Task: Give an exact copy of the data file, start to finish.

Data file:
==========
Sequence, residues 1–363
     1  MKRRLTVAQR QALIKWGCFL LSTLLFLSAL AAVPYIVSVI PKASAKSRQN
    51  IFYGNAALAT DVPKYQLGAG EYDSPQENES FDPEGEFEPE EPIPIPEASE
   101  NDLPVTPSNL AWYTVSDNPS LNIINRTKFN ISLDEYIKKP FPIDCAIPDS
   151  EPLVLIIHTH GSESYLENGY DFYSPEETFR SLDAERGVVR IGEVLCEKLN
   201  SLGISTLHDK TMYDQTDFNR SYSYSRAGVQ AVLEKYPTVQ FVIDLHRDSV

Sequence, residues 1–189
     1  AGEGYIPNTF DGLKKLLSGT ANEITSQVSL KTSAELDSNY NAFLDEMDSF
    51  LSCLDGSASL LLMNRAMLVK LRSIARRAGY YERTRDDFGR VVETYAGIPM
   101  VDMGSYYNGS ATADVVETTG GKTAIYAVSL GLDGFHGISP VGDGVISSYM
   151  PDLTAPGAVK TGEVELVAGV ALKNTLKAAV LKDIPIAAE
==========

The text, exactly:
Sequence, residues 1–363
     1  MKRRLTVAQR QALIKWGCFL LSTLLFLSAL AAVPYIVSVI PKASAKSRQN
    51  IFYGNAALAT DVPKYQLGAG EYDSPQENES FDPEGEFEPE EPIPIPEASE
   101  NDLPVTPSNL AWYTVSDNPS LNIINRTKFN ISLDEYIKKP FPIDCAIPDS
   151  EPLVLIIHTH GSESYLENGY DFYSPEETFR SLDAERGVVR IGEVLCEKLN
   201  SLGISTLHDK TMYDQTDFNR SYSYSRAGVQ AVLEKYPTVQ FVIDLHRDSV

Sequence, residues 1–189
     1  AGEGYIPNTF DGLKKLLSGT ANEITSQVSL KTSAELDSNY NAFLDEMDSF
    51  LSCLDGSASL LLMNRAMLVK LRSIARRAGY YERTRDDFGR VVETYAGIPM
   101  VDMGSYYNGS ATADVVETTG GKTAIYAVSL GLDGFHGISP VGDGVISSYM
   151  PDLTAPGAVK TGEVELVAGV ALKNTLKAAV LKDIPIAAE